This post is about CSS floats. Well floats are pretty simple. There is nothing complicated about them. Complication only arises of two things. One is using them in a complex manner and the second is cross browser compatibility issues.
Let’s recap what we know about browsers. Every tag in HTML or XHTML basically creates an “element”. And that element can be either of two types when it comes to rendering. Either it can be an inline element or it can be block element.
Inline elements, when appear in succession, would be placed let to right (or right to left if page direction is right to left which can be set in the html tag’s dir attribute i.e dir=”rtl”) till the end of line.
While the block level elements sit on top of each other and expand horizontally to fully expand the space.
But we can do an interesting thing to a block level element. We can order it to float it self. But where it should float? We can ask it to float either on the right side or on the left side. So when we ask an element to float, it would be plucked out of the sequence in which it was previously appearing. And when plucked out then of course that space would be pretty much empty. What do we do with that space then? Well we do not have to do anything. If there is another element just after the one being floated, it would take the place of the floated element.
Astute reader may ask that because block level elements fully expand till the width available so if they are floated left or right, it would have no difference other then that the element after the floated one would be taking place of the floated element.
Quit correct. That is how it would be happening. But think of this. You have a block level element whose dimensions are 50px (i.e 50px in width and 50px in height). If order this element to float towards right (and we will see how to do that) then what will happen?
Well simply two things:
- The element’s right margin would be touching to the right boundary of the containing element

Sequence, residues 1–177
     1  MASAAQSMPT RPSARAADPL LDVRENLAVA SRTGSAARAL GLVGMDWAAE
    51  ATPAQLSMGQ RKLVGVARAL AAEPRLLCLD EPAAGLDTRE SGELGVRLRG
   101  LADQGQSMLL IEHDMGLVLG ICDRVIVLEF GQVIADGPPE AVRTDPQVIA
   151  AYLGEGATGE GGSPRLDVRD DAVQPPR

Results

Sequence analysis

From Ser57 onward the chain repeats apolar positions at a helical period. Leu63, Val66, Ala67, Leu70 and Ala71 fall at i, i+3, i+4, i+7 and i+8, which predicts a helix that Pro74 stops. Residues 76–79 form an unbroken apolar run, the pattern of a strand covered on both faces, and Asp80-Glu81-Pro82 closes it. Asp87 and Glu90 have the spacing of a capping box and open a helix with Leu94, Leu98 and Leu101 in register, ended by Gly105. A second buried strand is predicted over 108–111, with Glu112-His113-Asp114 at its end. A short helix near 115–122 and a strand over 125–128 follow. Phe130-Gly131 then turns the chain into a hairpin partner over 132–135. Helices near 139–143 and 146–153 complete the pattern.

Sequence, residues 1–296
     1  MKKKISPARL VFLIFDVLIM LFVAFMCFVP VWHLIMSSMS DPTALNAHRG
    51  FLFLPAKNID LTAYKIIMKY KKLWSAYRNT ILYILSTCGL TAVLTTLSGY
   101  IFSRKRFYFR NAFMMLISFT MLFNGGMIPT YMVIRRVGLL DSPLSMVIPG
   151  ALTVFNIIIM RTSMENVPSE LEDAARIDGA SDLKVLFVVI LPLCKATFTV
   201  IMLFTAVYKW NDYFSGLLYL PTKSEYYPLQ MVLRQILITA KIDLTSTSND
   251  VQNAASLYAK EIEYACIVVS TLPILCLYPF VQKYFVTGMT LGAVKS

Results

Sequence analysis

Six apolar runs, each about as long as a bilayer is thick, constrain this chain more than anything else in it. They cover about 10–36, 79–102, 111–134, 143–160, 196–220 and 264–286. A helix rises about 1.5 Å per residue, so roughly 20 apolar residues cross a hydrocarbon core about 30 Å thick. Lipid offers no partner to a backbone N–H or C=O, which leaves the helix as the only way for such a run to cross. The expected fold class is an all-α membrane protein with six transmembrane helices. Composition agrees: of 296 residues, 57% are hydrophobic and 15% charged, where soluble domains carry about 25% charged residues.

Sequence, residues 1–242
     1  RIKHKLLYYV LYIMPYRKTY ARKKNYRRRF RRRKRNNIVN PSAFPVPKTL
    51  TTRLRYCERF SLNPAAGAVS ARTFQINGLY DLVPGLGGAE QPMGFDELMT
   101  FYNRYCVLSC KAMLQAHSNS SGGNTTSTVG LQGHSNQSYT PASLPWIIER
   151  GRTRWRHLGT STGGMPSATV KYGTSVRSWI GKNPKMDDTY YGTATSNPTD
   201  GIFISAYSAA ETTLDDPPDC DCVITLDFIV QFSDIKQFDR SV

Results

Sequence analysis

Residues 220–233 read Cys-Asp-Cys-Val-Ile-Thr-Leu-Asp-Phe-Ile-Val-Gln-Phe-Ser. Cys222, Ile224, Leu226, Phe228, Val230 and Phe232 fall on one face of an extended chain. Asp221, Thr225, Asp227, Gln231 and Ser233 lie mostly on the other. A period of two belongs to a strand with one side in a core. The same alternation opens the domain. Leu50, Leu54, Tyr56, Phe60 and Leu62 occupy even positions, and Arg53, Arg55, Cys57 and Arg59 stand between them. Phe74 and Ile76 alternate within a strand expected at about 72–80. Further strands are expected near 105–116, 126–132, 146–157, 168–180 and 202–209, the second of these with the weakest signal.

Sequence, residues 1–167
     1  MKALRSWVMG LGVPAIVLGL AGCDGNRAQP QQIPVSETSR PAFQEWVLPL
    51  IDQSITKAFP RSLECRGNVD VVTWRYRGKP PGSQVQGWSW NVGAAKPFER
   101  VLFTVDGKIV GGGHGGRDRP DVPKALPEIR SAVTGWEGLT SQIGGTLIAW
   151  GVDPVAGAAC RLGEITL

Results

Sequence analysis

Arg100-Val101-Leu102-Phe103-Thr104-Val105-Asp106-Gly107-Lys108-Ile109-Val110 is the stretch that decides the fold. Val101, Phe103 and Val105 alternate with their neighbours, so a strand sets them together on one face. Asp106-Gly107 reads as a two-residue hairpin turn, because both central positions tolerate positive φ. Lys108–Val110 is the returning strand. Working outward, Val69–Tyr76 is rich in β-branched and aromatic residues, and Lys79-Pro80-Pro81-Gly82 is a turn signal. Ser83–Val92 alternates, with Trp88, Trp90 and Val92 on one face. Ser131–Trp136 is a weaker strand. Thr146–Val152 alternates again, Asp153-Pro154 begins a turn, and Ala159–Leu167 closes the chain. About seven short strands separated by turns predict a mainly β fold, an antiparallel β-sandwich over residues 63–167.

- The element after the floated element would be pulled 50px up because the space would be freed up by the floated element
So that is how floats work. There’s only one thing that is left about them. And that is that what if you do not want the element after the one being floated to come up and fill up the space? Yes that’s perfectly possible as well. We can do that and we will see in a while how.
Suppose there is an element with class
float-it and another element with class
So here’s the markup:
And we apply the following CSS:
So as we have set the float property to right, the box is pushed to right. Possible values for float property are:
none is useful if an element is already floating and you want to turn that off.
So that was about floats. And its only that much believe me. Only one thing that I have not touched is clearing which is even more easier then floats. Let’s recap about the floats. We have a float property with which we can ask an element to float itself either to the left or right side of the containing block (that can be body, or the div in which that element appears). The element just after the floated element would be pulled up to take up the space because the element above it is now floating and no more in the document flow.